No print dictionary, regardless of how frequently it’s updated or how broad its lexical reach, can keep pace with an online version.
“Crust,” a term used generally and often improperly to describe one of hardcore punk’s many stylistic alleys and cul-de-sacs, is the kind of word that would probably never past Webster’s muster, but the online dictionary wordiQ defines it with surprising confidence (cross-references shown here in italics):
“In music, crust is an underground hardcore genre related to noisecore and resembling death metal. Its chief original exponents were the band Doom. It derives its name from the term crusty, British slang for a member of a subculture in which people would typically wear their hair in dreadlocks, use drugs and eschew traditional lifestyle choices in employment and housing (i.e. by being unemployed and squatting.)”
As it’s used in Great Britain, the term connotes the lifestyle more than the music; fans of hardcore punk and/or British indie pop of a late ’80s/early ’90s vintage might be surprised to learn that indie bands like New Model Army, the Levellers, Ned’s Atomic Dustbin, Carter the Unstoppable Sex Machine and Swervedriver were considered crusty alongside punk bands mining the same preachy political vein as Crass and Conflict.
In the United States, the term has more to do with a certain style of hardcore (“political in nature, and typically violent in expression,” wordiQ notes helpfully) and subculture members who dress a certain way, the most curious feature of standard crust garb being a free-floating denim or leather flap hanging over the seat of one’s trousers. One of these days maybe the definition of crust will be cross-referenced to an entry about the flap to explain its purpose. Even crusties don’t seem to know why it’s there.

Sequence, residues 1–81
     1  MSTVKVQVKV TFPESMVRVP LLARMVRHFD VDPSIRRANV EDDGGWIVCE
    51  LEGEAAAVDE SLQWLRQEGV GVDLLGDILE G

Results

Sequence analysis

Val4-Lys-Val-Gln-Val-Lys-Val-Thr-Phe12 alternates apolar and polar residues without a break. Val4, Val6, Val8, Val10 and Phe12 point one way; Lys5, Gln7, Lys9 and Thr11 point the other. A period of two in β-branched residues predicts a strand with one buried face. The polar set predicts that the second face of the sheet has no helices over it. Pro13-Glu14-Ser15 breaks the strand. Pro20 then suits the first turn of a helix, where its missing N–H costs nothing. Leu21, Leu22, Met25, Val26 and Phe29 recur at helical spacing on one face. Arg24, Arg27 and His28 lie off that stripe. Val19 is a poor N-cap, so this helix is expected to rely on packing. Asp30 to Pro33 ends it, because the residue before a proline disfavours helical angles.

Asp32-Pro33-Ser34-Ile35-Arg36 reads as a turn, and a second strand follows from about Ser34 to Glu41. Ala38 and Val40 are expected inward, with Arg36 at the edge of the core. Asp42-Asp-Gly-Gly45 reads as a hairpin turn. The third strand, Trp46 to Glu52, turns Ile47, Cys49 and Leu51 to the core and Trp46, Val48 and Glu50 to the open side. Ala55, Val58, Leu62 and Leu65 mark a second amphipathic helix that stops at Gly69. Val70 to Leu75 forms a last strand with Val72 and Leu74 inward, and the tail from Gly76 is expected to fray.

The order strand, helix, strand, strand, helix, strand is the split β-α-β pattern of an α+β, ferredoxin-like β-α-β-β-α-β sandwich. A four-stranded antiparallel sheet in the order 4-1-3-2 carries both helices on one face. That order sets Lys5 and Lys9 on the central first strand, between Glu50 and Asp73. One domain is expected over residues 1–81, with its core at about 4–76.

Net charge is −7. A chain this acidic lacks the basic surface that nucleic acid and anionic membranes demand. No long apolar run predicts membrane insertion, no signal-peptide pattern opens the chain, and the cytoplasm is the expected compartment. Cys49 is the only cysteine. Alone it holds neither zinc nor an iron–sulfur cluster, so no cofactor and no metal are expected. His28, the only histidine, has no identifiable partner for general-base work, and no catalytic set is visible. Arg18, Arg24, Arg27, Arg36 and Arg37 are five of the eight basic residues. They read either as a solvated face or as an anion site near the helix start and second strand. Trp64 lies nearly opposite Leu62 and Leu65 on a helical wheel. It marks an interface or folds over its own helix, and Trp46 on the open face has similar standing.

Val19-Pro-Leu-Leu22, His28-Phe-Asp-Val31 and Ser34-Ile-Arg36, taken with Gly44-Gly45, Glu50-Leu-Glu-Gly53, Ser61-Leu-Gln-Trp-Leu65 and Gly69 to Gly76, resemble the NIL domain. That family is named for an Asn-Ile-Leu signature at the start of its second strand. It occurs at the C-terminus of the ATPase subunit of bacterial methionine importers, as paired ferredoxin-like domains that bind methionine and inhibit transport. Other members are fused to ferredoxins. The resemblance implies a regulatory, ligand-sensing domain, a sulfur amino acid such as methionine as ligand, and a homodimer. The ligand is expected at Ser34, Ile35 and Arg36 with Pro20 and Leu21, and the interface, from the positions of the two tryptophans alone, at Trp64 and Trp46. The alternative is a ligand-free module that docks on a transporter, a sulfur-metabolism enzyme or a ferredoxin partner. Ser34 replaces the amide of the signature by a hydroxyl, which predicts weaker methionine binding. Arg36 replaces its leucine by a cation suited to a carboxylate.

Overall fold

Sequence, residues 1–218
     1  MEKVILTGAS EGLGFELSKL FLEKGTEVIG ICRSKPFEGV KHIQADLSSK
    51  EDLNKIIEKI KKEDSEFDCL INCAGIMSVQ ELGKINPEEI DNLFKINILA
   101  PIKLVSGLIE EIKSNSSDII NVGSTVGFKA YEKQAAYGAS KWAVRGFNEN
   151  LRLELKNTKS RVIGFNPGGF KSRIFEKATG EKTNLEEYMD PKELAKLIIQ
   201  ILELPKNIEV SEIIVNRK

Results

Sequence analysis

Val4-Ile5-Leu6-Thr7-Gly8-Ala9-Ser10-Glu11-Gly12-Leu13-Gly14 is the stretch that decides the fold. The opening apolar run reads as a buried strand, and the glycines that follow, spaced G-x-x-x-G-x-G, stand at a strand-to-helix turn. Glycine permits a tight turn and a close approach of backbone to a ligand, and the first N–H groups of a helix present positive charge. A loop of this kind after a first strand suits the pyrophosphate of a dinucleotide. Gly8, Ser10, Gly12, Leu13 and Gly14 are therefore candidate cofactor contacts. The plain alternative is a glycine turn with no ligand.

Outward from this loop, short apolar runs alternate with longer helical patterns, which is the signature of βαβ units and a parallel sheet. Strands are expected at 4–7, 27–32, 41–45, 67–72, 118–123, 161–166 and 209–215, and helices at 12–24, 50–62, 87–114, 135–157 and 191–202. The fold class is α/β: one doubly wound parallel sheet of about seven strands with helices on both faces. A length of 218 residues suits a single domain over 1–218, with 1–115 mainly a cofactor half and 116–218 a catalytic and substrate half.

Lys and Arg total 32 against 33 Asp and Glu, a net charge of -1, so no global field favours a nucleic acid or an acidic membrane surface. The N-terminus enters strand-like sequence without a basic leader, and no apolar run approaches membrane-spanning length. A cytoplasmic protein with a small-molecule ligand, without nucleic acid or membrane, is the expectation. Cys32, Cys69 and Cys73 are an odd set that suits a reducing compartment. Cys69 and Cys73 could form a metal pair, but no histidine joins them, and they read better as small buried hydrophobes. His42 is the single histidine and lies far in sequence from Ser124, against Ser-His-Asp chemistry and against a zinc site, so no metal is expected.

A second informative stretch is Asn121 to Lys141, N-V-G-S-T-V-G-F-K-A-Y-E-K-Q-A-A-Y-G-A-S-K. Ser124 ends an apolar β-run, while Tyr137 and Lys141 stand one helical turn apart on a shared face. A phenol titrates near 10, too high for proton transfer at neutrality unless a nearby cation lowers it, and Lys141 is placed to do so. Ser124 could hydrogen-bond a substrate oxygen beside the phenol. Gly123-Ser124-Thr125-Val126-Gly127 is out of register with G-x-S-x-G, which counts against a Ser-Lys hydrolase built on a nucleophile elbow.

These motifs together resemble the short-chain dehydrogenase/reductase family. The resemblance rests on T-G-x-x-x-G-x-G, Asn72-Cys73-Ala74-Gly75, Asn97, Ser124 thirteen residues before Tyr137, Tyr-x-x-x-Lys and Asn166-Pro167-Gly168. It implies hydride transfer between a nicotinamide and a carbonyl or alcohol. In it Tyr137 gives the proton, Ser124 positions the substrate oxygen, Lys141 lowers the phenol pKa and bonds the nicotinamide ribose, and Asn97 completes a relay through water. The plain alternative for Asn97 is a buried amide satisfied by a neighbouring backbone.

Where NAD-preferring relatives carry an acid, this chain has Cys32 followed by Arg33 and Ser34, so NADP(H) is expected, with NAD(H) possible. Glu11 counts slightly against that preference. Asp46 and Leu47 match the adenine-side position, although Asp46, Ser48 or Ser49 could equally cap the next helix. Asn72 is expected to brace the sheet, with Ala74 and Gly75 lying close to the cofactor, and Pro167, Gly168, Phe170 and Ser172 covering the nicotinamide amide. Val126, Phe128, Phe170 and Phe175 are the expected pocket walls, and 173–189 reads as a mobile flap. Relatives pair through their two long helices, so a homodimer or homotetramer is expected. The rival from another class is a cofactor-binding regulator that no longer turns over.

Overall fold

Crust as a style of hardcore is evergreen, and the Minneapolis record label/distribution/zine collective Profane Existence has been its axis since the late ’80s. The label’s most recent signing is the female-fronted (hardcore is a mostly male phenomenon, although there are dozens of crust bands with female members from Portland to Poland, many of them on the Profane Existence label) New Jersey trio Witch Hunt. Their new LP …As Priorities Decay is hot off the PE presses; it is, the label assures us, way crust.
Witch Hunt and Ass-End Offend play Area 5 on Thursday, Sept. 2. Show starts at 8 PM. $5.